Some of us can deal with pain more than others, if you'd rather wait a week or 10 days to get it fixed the more power to ya, I'd be all for fixing it myself

    Quote Originally Posted by ironartist View Post
    lujon these flying ambulances are just gonna show up out at hunting camp for a broken finger? Set it already, wrap it up and and go fricken kill something who are you kidding, I'm a redneck
    I think this is where the confusion is. No one is saying don't provide care. If you break your finger hunting. You can't really fix it in the field, all you can do is immobilize it. If it is deformed and you have a loss of sensation or circulation at the tip of your finger, then you know you've got some possible nerve and blood vessel damage. Go ahead and attempt to "re-align" it and see if that helps with the compromised CMS. If it doesn't do any good, you can pull on it all day long and do nothing more than cause more damage. Once you've attempted the re-alignment, splint it and go kill something! But when you get home, go to the doc so they can "set" it properly. They can make sure the bone ends are lined up properly so it will heal correctly and that there is no nerve impingement. Again, if you live in a remote area where you are never going to be able to get medical attention then it may heal or may not heal properly.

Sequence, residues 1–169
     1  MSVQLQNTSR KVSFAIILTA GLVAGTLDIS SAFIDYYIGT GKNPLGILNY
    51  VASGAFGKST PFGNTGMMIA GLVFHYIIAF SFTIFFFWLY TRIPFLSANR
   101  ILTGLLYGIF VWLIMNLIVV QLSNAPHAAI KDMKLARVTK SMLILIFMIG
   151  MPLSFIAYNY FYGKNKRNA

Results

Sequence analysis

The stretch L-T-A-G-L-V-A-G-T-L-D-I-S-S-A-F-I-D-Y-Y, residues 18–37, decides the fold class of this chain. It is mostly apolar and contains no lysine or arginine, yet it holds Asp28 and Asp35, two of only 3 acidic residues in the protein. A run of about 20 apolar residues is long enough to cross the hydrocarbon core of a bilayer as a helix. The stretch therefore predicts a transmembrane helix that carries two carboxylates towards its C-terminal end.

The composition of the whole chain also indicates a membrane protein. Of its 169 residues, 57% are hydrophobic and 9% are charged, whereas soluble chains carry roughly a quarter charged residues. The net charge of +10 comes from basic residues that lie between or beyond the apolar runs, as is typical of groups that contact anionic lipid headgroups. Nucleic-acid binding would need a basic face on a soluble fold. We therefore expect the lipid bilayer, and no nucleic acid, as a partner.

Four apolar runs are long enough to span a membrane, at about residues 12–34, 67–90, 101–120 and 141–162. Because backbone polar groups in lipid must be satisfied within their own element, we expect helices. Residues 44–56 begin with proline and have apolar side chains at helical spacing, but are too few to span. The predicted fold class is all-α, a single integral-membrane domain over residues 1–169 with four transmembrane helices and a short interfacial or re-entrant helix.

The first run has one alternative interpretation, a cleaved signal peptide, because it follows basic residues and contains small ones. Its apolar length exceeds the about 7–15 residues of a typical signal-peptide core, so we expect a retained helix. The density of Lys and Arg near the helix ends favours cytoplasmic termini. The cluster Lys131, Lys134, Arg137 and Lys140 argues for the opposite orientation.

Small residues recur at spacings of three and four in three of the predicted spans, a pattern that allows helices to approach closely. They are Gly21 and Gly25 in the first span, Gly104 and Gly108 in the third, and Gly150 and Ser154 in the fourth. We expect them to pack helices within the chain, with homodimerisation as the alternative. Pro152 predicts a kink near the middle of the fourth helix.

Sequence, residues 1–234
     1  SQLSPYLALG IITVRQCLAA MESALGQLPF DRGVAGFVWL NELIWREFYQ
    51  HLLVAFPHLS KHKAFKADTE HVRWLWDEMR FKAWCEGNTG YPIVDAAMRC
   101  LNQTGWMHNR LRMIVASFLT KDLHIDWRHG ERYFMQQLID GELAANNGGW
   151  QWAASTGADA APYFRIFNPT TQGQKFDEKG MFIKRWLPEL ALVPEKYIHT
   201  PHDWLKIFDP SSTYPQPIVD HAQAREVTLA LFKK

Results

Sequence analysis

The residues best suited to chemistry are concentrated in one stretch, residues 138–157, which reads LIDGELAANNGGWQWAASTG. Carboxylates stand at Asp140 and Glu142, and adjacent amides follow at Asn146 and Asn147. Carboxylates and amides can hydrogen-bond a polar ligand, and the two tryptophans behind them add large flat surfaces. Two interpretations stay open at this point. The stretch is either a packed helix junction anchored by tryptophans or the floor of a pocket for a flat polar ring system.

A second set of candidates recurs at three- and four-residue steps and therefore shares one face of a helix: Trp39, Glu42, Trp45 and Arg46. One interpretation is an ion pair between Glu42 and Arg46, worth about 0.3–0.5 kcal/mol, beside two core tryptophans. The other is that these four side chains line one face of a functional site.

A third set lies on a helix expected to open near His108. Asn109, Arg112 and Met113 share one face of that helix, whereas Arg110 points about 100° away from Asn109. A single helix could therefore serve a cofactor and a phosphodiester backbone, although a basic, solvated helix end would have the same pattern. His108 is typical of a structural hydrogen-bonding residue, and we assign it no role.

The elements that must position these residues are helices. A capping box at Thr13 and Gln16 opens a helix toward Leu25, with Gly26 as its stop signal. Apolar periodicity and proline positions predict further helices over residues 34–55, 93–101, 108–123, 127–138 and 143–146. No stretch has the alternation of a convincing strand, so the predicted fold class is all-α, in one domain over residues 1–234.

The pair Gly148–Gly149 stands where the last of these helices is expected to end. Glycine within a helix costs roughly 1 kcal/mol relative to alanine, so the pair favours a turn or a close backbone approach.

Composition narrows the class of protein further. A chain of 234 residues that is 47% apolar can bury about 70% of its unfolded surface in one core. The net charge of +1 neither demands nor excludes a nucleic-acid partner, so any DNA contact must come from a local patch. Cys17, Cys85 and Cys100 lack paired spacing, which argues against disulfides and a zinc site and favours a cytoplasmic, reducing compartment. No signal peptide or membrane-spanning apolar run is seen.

There are techniques for reducing a dislocated shoulder. But, if you don't know what your doing and you start yanking on someones arm in the woods, you could end causing permanent nerve damage and they may never be able to use their hand again. All the nerves that go down your arm are bunched up in there. I've had a dislocated shoulder and dang near passed out from the pain and could'nt feel my fingers. If you can get help coming or get them out of the woods it's your best bet to use blankets, game bags, duct tape, whatever to stablize it in the position of most comfort. Most people wont hardly let you touch them let alone yank on it. Obviously there can be extenuating circumstances especially if your dealing with someone who has a history of shoulder dislocation.

    It sounds like you want to be able to do some of this stuff. Take an EMT and or a wilderness first responder course. That's a good start. You'll learn a bag of tricks you can use depending on the situation. If you're a downhill skier join your local Ski Patrol. Then not only do you learn the stuff but you get to actually use the skills both in on hill practice/training and real life. You'll find out how much yanking a pulling someone will let you do!
    A gun is like a parachute. If you need one, and don’t have one, you’ll probably never need one again